Born: Bristol, England, 1844
Departure: Liverpool, England, December 1859
Arrival: Sydney, Australia, 13 April 1860
Vessel: SS Dirigo
Sarah Simpson (née Livingstone) was the fourth of six girls born to Richard and Barbara Livingstone. Sarah’s father worked as a marine engineer. In the late 1840s the family moved to London, where they remained through most of the 1850s. During this time Barbara Livingstone died and Sarah’s father decided to migrate to Australia. He wanted to set himself up so he could bring his six daughters out to start a new life.
The fare was expensive and Richard had to arrange to bring his daughters out one by one. Martha, the eldest at 22, was the first to emigrate in May 1859. Meanwhile Sarah, now 14, was working as a domestic servant in Surrey, near London, until arrangements could be made for her to join her father and sister.
Assisted migration scheme
The Government Immigration Board had set up a plan called the Government Remittance Scheme. Under this scheme a deposit of £4 had to be paid for every person that was to emigrate. The deposit was refunded when that person arrived in Australia. Martha paid the deposit for Sarah in July 1859. The full passage was to cost £14, four shillings and eight pence. Around £8 of this would be refunded upon proof of arrival.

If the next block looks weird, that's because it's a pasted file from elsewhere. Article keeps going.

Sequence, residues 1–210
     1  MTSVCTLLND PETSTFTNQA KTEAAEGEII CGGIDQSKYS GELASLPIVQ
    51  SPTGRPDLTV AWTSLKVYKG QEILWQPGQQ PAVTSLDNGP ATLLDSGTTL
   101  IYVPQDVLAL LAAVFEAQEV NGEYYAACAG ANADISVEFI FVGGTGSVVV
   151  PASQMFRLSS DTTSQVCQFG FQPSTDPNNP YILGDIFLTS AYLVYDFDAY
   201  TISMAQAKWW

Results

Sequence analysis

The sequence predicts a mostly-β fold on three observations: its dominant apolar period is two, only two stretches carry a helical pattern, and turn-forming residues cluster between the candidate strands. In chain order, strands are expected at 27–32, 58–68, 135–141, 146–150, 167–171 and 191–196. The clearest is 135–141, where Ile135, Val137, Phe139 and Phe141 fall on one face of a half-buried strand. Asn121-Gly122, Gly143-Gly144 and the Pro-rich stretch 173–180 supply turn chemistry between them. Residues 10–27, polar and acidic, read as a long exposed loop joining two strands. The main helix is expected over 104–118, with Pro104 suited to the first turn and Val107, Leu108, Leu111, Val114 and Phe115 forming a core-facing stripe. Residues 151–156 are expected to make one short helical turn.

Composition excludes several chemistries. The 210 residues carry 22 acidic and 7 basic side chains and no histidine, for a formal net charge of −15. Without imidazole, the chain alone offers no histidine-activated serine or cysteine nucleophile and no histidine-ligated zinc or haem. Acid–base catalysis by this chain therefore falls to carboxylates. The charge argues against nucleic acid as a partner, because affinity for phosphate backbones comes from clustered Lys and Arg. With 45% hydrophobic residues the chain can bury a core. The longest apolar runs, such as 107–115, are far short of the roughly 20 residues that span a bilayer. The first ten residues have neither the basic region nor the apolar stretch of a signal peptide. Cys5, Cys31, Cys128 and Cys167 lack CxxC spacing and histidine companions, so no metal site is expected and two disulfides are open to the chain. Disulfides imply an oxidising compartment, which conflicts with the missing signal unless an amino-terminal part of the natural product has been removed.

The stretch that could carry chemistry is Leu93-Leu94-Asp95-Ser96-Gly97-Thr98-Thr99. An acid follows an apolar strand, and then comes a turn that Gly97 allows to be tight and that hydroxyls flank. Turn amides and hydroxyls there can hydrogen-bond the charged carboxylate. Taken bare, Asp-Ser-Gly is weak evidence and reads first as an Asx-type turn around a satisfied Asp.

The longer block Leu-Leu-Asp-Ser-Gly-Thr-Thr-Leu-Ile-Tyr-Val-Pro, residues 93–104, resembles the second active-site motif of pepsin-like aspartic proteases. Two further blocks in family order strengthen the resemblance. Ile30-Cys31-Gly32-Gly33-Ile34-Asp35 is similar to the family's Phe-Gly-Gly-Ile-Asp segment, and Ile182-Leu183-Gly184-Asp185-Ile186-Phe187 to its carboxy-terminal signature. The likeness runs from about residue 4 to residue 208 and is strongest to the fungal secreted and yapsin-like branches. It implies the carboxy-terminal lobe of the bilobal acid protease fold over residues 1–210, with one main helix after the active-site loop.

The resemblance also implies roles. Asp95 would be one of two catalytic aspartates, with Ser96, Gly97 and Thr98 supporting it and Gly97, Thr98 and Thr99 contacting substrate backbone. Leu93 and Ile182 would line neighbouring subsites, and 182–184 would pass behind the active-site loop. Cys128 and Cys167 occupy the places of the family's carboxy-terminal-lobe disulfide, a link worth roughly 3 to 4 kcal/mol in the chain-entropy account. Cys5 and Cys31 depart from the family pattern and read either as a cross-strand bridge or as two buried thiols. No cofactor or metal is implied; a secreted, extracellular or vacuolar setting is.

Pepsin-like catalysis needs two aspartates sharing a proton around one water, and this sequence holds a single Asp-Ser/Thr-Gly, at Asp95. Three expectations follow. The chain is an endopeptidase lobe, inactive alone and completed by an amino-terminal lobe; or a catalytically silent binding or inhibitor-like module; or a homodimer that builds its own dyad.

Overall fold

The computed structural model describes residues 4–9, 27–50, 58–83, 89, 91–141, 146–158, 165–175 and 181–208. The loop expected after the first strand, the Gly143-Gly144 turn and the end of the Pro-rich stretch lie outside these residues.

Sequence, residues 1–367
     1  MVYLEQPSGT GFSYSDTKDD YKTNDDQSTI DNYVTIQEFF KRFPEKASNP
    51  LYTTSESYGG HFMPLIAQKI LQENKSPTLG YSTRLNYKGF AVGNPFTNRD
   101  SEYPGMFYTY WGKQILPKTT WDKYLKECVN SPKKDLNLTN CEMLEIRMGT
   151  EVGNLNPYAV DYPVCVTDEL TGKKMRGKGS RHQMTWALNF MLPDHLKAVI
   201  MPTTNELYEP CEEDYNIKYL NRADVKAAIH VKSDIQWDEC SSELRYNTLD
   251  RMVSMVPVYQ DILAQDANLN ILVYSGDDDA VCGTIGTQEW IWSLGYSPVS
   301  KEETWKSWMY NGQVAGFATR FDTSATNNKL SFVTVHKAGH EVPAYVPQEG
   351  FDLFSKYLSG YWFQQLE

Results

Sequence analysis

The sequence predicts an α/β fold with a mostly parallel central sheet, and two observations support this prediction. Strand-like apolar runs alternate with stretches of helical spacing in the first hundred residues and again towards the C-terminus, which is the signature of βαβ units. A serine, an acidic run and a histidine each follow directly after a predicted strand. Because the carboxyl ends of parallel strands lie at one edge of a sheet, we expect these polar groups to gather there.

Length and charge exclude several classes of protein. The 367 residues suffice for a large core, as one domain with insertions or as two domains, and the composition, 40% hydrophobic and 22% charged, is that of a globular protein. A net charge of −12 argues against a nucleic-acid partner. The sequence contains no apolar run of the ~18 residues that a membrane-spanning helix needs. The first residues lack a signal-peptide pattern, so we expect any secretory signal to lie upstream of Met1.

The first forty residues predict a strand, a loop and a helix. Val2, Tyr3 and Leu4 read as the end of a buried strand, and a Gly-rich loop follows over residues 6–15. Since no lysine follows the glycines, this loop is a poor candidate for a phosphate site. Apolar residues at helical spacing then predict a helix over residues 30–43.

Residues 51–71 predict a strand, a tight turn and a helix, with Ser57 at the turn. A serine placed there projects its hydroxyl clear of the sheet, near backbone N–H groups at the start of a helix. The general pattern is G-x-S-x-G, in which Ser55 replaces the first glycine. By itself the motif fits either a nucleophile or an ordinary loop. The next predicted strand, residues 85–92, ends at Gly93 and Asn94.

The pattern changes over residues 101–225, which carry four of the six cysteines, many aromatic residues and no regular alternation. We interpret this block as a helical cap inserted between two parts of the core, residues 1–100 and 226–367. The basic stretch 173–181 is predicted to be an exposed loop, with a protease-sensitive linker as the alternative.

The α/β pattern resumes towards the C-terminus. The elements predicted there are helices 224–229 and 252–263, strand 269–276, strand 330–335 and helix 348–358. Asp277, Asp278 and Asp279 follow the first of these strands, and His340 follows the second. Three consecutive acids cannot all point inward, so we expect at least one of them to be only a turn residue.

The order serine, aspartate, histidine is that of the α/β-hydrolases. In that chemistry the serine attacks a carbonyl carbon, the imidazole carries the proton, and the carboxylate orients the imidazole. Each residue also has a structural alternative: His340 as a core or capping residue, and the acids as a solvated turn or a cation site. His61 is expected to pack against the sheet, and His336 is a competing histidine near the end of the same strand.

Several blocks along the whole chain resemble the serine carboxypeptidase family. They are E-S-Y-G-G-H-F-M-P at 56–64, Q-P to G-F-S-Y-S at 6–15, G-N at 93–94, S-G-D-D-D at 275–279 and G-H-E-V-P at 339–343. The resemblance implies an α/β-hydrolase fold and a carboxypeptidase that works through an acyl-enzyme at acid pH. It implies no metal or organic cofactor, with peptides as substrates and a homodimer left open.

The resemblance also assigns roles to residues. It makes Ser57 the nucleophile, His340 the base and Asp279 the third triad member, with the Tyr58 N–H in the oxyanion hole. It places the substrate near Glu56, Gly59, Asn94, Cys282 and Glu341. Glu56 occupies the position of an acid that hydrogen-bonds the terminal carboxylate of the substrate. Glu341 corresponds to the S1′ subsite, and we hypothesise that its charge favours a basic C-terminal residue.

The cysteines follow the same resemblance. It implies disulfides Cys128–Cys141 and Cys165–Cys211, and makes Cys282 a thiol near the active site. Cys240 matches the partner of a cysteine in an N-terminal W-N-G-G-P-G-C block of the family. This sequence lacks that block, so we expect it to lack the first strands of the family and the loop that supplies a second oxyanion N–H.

Sailing to Sydney
In December 1859 Sarah, now 15, departed Liverpool, England, on SS Dirigo. She arrived in Sydney in April 1860 and was housed at the Hyde Park Barracks, which had previously been used as a male convict centre but was now a depot for immigrant women.
The women slept in iron beds in whitewashed dormitories and ate in mess groups. Sewing and cooking classes helped to pass the time. Most would have stayed only a few days before getting jobs. Sarah stayed at the Barracks until she was able to join her family. In 1864 the remaining Livingstone daughters were able to join Sarah, Martha and their father in Sydney.
Sarah married Andrew Simpson in October 1867. He was also a marine engineer and they lived in the Sydney suburbs of Balmain and Pyrmont until the late 1880s, when they moved to Brisbane, Queensland. They had three sons, and Sarah lived until she was 91 years old, passing away on Christmas Day in 1935.
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